Commentary

Cool runnings

Forte, offense confident running game will be fine

Originally Published: September 23, 2009
By Melissa Isaacson | ESPNChicago.com

LAKE FOREST, Ill. -- For a team that claims its offensive game is in fine shape all around, the Bears are awfully defensive about it.

[+] EnlargeForte
Jonathan Daniel/Getty ImagesBears running back Matt Forte has no doubts about his ability to be a force to be reckoned with.
"Why would I doubt myself?" running back Matt Forte said.

The question was a gimme Wednesday: What's going on with a Chicago running game that has its featured back averaging 2.2 yards per game?

"I just like how you guys ask the same question 15 times," center Olin Kreutz said. "Does anyone ask how we won last week or how it's good to come back and win that game [against Pittsburgh]? No, it's just about the run game."

And it was just Olin being Olin. If he were really annoyed, he wouldn't have stopped to chat in the first place, surely knowing what was coming his way. Reminded that the victory and the comeback and all the accompanying good cheer were covered on Sunday and again on Monday, Kreutz smirked.

"Oh," he said, "I must have been sleeping."

Some might make the same accusation about the Bears' run game.

But then, that would be a tad unfair.

Sure, the Bears rank 31st in the league in rushing with 64.5 yards per game and the NFL average after Week 2 is 112.7. But the Bears aren't worried, and, for now anyway, we should all take a breath.

"We're going to be fine," offensive coordinator Ron Turner said. "We only ran it 18 times last game. We didn't really give it a chance against the best team against the run the last several years. We have a good offensive line; we have good running backs. We'll be able to run the ball. We know it's something we've got to have and we want to have, and we're going to have balance."

As quarterback Jay Cutler said, "Whatever it takes to win. That's our philosophy."

Obviously, Cutler forgot to read the page in the playbook where it talks specifically about team philosophy.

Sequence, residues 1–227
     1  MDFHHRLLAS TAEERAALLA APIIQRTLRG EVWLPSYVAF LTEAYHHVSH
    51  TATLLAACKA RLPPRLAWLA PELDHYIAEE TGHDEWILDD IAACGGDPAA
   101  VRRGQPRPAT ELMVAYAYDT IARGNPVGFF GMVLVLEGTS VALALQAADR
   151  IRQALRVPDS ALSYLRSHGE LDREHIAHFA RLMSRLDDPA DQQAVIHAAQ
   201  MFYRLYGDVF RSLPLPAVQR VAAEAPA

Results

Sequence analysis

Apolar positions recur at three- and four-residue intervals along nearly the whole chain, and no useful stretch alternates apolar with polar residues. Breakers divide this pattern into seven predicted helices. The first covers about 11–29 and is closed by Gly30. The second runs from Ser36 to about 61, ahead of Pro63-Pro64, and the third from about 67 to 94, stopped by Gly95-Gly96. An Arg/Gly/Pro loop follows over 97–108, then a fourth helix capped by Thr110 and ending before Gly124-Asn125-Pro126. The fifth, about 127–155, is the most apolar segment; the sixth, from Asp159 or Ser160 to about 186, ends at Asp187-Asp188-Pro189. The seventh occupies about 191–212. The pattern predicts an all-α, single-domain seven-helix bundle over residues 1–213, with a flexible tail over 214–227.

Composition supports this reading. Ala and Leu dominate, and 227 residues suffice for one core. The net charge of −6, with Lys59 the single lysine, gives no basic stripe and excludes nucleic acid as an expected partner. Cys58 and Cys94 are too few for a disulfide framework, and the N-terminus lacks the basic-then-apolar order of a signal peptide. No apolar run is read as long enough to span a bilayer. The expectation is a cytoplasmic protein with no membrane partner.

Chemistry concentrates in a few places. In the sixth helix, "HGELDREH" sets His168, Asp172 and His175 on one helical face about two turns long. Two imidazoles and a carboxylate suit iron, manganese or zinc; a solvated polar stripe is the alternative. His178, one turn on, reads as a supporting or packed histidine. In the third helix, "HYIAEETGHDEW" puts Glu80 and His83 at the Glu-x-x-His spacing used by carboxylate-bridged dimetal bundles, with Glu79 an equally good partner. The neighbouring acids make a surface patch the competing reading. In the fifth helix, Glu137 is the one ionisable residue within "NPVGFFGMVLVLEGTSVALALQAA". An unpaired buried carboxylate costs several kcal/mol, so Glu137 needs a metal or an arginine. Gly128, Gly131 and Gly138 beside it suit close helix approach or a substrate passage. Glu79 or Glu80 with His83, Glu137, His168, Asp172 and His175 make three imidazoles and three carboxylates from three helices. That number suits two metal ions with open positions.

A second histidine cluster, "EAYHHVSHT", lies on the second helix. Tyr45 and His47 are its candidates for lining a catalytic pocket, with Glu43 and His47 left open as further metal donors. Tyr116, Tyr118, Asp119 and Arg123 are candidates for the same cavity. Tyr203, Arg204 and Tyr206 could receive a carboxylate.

"We're still a running football team," coach Lovie Smith said.

But just saying it does not necessarily make it so.

Still, this week in Seattle provides a good opportunity to reassure the masses and perhaps the Bears themselves. The Seahawks rank 26th in the league in rushing yards per game (166.5) and 32nd in yards per attempt (7.1) after being roughed up by San Francisco's Frank Gore, who ran for 206 yards last week. Because it is their job to say black when we say white, the Bears quickly will remind us that Gore had carries of 79 and 80 yards. Also, that Seattle was without linebacker Leroy Hill and middle linebacker Lofa Tatupu, both of whom Turner expects to return on Sunday.

Even if they do play, however, it is not unreasonable to expect Forte and the run game to make a more forceful statement against the first 4-3 defense they will face this season -- even if that statement will have to rise above the din in one of the loudest stadiums in the NFL.

"It just takes one play to where you get a guy out of position and you break a long run," said Forte, who admits he has left some yards on the field in the first two games. "It just takes one move or one broken tackle."

With three "new" players on the offensive line -- Orlando Pace has socks older than Forte but technically is indeed new -- it is reasonable to expect that they are still jelling.

"Maybe they're just trying to get acclimated to the game speed together," Forte said. "That takes a little time, a lot of game reps to know how each other plays."

Even Kreutz will admit to that. Well, sort of.

"We know we have to improve the run game," he said. "We're not going to say we're just happy to win the game and we don't have to run the ball. I'm sure we're all frustrated. … We're not blocking well enough, and hopefully it progresses. Football is not that hard."

Surely, Forte made it look easy last season, finishing seventh in the NFL in rushing yards as a rookie (1,238) while averaging 3.9 yards per carry.

"It's way too soon [to jump on Forte]," said tight end Kellen Davis, who did an admirable job of run blocking in place of injured Desmond Clark on Sunday. "Matt is going to get his yards. We're not worried about Matt at all."

It is instructive to note that the 2006 Super Bowl-bound Bears averaged 3.0, 2.6 and 2.4 yards per carry in their first three games and ended the season averaging 3.8.

"We're not sobbing or anything like that," guard Frank Omiyale said.

Not yet, anyway.

Melissa Isaacson

Columnist, ESPNChicago.com
Melissa Isaacson is a columnist for espnW.com, ESPN Chicago and ESPN.com. The award-winning writer has covered Chicago sports for most of her 31-year career, including at the Chicago Tribune before joining ESPN in 2009. Isaacson has also covered tennis since 1986.

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